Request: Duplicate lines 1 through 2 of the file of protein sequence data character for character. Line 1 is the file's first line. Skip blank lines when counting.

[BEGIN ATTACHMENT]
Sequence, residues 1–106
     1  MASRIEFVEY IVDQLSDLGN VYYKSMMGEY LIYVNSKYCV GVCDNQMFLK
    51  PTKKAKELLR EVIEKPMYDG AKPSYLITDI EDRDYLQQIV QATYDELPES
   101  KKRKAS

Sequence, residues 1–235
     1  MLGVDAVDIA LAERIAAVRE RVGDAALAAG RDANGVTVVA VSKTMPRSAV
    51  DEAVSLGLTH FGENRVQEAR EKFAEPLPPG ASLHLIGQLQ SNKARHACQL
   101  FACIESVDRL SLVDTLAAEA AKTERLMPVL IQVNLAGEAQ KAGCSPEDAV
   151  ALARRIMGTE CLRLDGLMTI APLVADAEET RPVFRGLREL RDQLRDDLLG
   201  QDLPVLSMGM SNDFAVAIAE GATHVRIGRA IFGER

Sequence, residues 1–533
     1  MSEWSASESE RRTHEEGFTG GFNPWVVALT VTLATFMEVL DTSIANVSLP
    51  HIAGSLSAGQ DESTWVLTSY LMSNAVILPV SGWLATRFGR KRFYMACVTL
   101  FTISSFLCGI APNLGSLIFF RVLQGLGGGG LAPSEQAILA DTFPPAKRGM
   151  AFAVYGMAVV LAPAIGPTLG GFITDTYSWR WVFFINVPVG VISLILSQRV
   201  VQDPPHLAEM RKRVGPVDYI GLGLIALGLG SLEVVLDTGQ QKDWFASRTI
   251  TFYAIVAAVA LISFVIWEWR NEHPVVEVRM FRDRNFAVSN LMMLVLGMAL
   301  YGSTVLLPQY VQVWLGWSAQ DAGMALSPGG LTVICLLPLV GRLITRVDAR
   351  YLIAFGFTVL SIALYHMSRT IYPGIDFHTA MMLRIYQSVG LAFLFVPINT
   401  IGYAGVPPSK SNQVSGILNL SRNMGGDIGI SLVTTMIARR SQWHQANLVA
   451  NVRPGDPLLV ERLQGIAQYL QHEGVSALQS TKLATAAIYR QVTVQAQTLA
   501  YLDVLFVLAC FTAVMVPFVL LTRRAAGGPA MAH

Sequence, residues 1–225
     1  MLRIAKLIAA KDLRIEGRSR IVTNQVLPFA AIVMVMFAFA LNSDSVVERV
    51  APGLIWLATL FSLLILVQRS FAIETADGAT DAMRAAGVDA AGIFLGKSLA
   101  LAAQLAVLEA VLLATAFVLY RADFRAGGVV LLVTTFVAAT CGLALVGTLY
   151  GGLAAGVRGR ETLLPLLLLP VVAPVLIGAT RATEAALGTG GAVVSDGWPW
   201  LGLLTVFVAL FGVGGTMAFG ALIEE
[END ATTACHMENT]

Sequence, residues 1–106
     1  MASRIEFVEY IVDQLSDLGN VYYKSMMGEY LIYVNSKYCV GVCDNQMFLK